Paramedic Has Discipline Reduced at Hearing

Posted on Thursday, January 01, 1998 at 12:00PM

Petersen Law Firm attorney, Carmen Brock was recently successful in obtaining a significant reduction in discipline for an Alhambra firefighter/paramedic accused of threatening a member of the public.

During the evening of September 3, 1996, paramedic Scott Burnside and his co-workers responded to a medical aid call where a male Hispanic citizen had reportedly been hit by a car.

When the paramedics arrived on the scene it became apparent that the citizen had not been hit by a car, but rather, had thrown himself into the side of the vehicle, most likely in an effort to stage an accident.

On that night, Burnside was assigned to be “radio man” on the paramedic team. The responsibilities of a “radio man” include driving the paramedic van, assessing the scene of the accident, and completing the written report of the incident

Burnside was also acting as the “preceptor” for a paramedic trainee. Burnside’s partner was the “patient man” whose duties were to conduct a physical assessment and to be in charge of the care and treatment of the patient.

From the moment the paramedics arrived on the scene, the citizen presented an extreme challenge to the paramedics. He shouted vulgarities at them, tried to make himself vomit, pinched the skin on his chest, and generally acted disoriented and unruly.

In response to questions from the paramedics, he inappropriately responded that he “was a registered Republican” and “had two slices of pizza for dinner.”

As it is key to the job of a paramedic to assess the true mental status of a trauma victim for the purposes of determining appropriate hospital disposition, it was critical that it be determined whether the citizen was really in an altered mental state, or simply faking the symptoms of disorientation as part of his ruse.

From Burnside’s interview of witnesses at the scene, he quickly determined that the citizen had been seen running down the sidewalk adjacent to the intersection and had thrown himself on the hood of a vehicle then stopped at the crosswalk.

The citizen then positioned himself in front of the vehicle until the paramedics arrived.

Given the information he had received, Burnside rejoined his partner and the paramedic trainee who had secured the citizen on a transport backboard and had loaded him into the paramedic van. Still unruly and belligerent, the citizen continued to thwart the paramedics efforts to assess his true mental status.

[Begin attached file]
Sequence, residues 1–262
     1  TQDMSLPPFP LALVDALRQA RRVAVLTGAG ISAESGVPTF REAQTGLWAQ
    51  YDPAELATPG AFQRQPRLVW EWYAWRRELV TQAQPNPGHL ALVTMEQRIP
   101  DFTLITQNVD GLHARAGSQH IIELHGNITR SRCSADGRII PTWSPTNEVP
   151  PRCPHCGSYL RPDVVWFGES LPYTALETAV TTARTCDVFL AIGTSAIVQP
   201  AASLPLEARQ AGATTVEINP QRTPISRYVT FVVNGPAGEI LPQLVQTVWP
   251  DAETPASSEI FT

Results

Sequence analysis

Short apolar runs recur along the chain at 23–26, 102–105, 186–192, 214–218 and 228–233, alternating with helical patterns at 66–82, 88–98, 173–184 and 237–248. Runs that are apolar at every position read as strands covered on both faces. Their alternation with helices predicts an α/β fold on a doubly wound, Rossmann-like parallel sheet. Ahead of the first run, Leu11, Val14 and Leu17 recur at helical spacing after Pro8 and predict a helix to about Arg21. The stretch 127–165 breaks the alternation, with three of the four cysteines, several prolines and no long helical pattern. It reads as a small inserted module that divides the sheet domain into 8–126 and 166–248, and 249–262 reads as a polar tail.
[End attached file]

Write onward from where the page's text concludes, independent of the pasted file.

As part of his preceptor training, Burnside began to question the paramedic trainee regarding the appropriate hospital receiving center as he dialed the base station nurse to obtain transport orders.

When the trainee mentioned County USC Medical Center, the local trauma center, the citizen suddenly became more lucid and said “you ain’t taking me to no f-ing county hospital.”

Realizing the citizen had, in fact, been faking, Burnside told the citizen in graphic terms that if he did not cooperate with them to get a proper assessment of his mental status, he would find himself undergoing a rectal exam and a catheterization as part of a trauma assessment at the hospital.

Based on the turn-around in the citizen’s behavior, which served to confirm the paramedics suspicion that he was not injured, the citizen was transported to a local hospital.

Upon arrival, the citizen promptly signed out against medical advice without being treated for his alleged injuries.

While at the hospital the citizen complained bitterly that his “civil rights” had been violated.

It was no surprise, therefore, that a citizen’s complaint was filed with the fire department, and an investigation ensued.

It was, however, clearly beyond the weight of the investigative evidence that Burnside ever threatened the citizen, nor intended him harm.

At best, it was conceded that the comments made were not courteous, albeit necessary, given the circumstances. In support of Burnside’s case, Dr. Charles Trammel, emergency room physician, confirmed that the comments made by Burnside were accurate statements of medical treatment and were by no means “threats.”

The Alhambra Civil Service Commission returned a specific finding that Burnside did not threaten a member of the public.

Although the commission upheld a finding of a discourteous comment, they determined Burnside’s pay reduction to have been excessive punishment, and ordered his pay reinstated.

PORAC Legal Defense Administrator Ed Fishman Testimony: Law Enforcement Use of Body Cameras.